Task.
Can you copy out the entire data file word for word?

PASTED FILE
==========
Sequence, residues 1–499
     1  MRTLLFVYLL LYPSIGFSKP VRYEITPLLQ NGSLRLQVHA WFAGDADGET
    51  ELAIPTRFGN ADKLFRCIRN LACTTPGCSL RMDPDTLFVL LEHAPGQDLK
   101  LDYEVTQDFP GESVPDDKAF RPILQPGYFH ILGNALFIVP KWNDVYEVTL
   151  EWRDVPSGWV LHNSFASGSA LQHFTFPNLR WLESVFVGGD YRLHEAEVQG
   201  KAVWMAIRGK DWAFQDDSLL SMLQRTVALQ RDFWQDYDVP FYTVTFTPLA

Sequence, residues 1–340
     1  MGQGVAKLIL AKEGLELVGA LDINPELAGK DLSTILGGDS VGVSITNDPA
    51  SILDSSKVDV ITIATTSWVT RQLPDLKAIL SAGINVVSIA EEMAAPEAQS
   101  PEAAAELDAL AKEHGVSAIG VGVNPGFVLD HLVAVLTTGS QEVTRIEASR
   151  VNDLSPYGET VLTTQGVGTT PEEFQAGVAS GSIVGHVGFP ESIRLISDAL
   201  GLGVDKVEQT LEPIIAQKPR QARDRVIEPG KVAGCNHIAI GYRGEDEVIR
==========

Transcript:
Sequence, residues 1–499
     1  MRTLLFVYLL LYPSIGFSKP VRYEITPLLQ NGSLRLQVHA WFAGDADGET
    51  ELAIPTRFGN ADKLFRCIRN LACTTPGCSL RMDPDTLFVL LEHAPGQDLK
   101  LDYEVTQDFP GESVPDDKAF RPILQPGYFH ILGNALFIVP KWNDVYEVTL
   151  EWRDVPSGWV LHNSFASGSA LQHFTFPNLR WLESVFVGGD YRLHEAEVQG
   201  KAVWMAIRGK DWAFQDDSLL SMLQRTVALQ RDFWQDYDVP FYTVTFTPLA

Sequence, residues 1–340
     1  MGQGVAKLIL AKEGLELVGA LDINPELAGK DLSTILGGDS VGVSITNDPA
    51  SILDSSKVDV ITIATTSWVT RQLPDLKAIL SAGINVVSIA EEMAAPEAQS
   101  PEAAAELDAL AKEHGVSAIG VGVNPGFVLD HLVAVLTTGS QEVTRIEASR
   151  VNDLSPYGET VLTTQGVGTT PEEFQAGVAS GSIVGHVGFP ESIRLISDAL
   201  GLGVDKVEQT LEPIIAQKPR QARDRVIEPG KVAGCNHIAI GYRGEDEVIR